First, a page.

A few years ago a friend and I were doing some landscaping work and since we both appreciated humor and the work wasn’t all that challenging we decided to tell some jokes. It wasn’t long before the jokes became crude and rather inappropriate and, I admit, hilarious. In the middle of laughing I remembered that I had been studying the book of Ephesians in the Bible and I remembered there were a couple of verses that deal specifically with paying attention to the words that come out of your mouth. One verse in particular, Ephesians 5:4, says, “Let there be no filthiness, nor foolish talk, nor crude joking, which are out of place, but instead let there be thanksgiving.” Sincerely wanting to be obedient to scripture, I asked my friend (also a Christian) what he thought. For some reason his response really caught my attention. “Come on man, don’t you think Jesus appreciated a good dirty joke?”  Now I know that Jesus was popular among the “sinners” and I’m pretty sure that Jesus was a really funny guy. As a matter of fact, I think some of the things Jesus said in the Bible were probably jokes. For example, Jesus nicknamed James and John the Sons of Thunder. Now perhaps there is some really deep, theologically important meaning behind this. Or maybe Jesus just gave a couple of his friends a silly nickname like so many of us have done, I’m not really sure. As I thought over that conversation with my friend I couldn’t help but wonder, did my friend really think that Jesus told dirty jokes, or did he project that onto Jesus because he wanted to legitimize his own appreciation of dirty jokes? And then I began to wonder in what ways I might be using Jesus to legitimize some aspect of my own theology or worldview.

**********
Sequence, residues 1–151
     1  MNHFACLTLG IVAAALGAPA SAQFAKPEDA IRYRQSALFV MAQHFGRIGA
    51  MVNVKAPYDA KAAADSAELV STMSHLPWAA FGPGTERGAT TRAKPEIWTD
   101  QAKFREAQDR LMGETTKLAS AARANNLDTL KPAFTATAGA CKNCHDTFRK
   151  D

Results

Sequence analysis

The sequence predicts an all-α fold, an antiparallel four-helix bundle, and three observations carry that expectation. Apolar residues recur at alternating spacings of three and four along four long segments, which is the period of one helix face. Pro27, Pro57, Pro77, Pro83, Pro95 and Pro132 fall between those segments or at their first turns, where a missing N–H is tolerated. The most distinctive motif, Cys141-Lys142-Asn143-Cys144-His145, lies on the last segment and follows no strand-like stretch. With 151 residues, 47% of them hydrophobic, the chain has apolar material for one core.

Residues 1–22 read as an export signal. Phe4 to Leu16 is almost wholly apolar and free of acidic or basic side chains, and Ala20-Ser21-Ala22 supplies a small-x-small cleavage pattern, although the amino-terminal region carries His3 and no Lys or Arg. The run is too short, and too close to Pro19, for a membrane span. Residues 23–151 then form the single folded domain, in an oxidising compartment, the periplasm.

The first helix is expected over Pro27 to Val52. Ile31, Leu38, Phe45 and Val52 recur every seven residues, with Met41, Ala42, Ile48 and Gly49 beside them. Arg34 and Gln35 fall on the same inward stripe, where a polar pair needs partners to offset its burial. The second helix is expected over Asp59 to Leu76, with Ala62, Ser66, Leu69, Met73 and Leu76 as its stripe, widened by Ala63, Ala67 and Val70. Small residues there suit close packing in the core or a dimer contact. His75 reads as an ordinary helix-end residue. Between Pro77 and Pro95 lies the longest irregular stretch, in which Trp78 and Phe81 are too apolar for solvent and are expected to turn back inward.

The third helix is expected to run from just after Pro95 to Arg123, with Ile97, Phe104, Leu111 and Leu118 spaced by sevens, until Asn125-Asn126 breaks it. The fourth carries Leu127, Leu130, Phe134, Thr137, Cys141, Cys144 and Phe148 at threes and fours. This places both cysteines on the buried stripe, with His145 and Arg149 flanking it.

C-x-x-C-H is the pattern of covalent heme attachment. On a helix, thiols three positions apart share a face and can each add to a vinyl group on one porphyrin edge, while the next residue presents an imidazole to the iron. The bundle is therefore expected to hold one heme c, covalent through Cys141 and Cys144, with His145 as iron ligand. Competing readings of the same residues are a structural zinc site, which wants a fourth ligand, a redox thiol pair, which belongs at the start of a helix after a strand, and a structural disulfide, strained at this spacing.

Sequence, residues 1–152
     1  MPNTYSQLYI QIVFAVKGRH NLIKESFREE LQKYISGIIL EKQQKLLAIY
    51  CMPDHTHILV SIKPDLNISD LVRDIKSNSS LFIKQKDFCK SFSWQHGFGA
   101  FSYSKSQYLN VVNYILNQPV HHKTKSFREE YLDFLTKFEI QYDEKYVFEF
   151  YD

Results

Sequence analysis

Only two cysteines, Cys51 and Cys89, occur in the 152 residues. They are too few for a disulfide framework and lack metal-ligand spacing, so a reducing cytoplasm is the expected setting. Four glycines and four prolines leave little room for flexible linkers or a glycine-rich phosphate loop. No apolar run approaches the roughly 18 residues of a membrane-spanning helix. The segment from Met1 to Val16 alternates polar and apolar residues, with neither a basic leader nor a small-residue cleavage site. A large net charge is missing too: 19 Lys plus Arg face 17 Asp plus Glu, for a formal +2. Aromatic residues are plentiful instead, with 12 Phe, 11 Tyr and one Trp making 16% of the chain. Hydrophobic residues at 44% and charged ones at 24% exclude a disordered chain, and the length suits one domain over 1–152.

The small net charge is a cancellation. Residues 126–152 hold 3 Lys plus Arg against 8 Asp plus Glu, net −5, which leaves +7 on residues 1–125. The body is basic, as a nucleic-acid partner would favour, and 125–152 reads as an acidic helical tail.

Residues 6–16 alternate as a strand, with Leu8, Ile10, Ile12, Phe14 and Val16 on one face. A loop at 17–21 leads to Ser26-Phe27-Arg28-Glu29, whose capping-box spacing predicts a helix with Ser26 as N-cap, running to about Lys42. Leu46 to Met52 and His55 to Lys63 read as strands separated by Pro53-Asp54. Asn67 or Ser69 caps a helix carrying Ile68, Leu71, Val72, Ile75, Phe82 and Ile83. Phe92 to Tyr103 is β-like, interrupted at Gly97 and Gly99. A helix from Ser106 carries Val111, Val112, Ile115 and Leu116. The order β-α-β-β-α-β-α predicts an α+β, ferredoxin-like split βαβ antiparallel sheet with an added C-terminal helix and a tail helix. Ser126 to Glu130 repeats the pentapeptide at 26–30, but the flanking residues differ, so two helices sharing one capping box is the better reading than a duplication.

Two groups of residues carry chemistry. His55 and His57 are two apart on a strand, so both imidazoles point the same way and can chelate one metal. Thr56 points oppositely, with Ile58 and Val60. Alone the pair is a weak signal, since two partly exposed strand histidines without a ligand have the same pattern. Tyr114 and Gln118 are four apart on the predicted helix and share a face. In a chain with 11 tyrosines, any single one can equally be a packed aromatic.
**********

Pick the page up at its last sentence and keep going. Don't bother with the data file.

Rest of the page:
Over the past several years I have realized that this is really quite common. Everywhere I look I see a different, one-sided Jesus being proclaimed. If you listen the purveyors of the prosperity gospel and the word-of-faith folk you get the impression that Jesus came to help you get lots of money and really nice stuff and be really spiritually powerful. They say things like “Jesus came so that you can have life to the full,” and “if you give it will be given back to you pressed down and running over,” and “you can move mountains if you just have faith!” If you listen to some of the more radical folks, however, you get the idea that Jesus wants you to give away all of your stuff, become a full-time missionary, and even suffer for Jesus. They say things like, “If you don’t give away everything you have and take up your cross, even hating your own family if needed, you can’t be a disciple of Jesus.” Some hardcore holiness folk make it seem like Jesus was really serious about sin and they say things like “if your eye causes you to sin you should cut it out because it’s better for you to enter into heaven without an eye than for your whole body to be cast into hell.” A lot of atheists, as well as liberal Christians (don’t read what I’m not saying there), like to point out that Jesus was all about love and acceptance and they talk about how Jesus hung out with the sinners and condemned the self-righteous religious people.

But wait a minute? Didn’t Jesus actually say and do some of those things? Yes. As a matter of fact, everything above is something that Jesus actually said or did. Jesus did call people to radically abandon their own lives and follow him but he also promised that his heavenly father would provide for and empower them. Jesus did love sinners and he hung out with them often, but he never condoned sinful behavior. Yes, as cliché as it has become, Jesus loved sinners and hated sin, but not in the same way that we sometimes use that as an excuse to actually hate sinners. Jesus actually loved them enough to spend time with them and help them.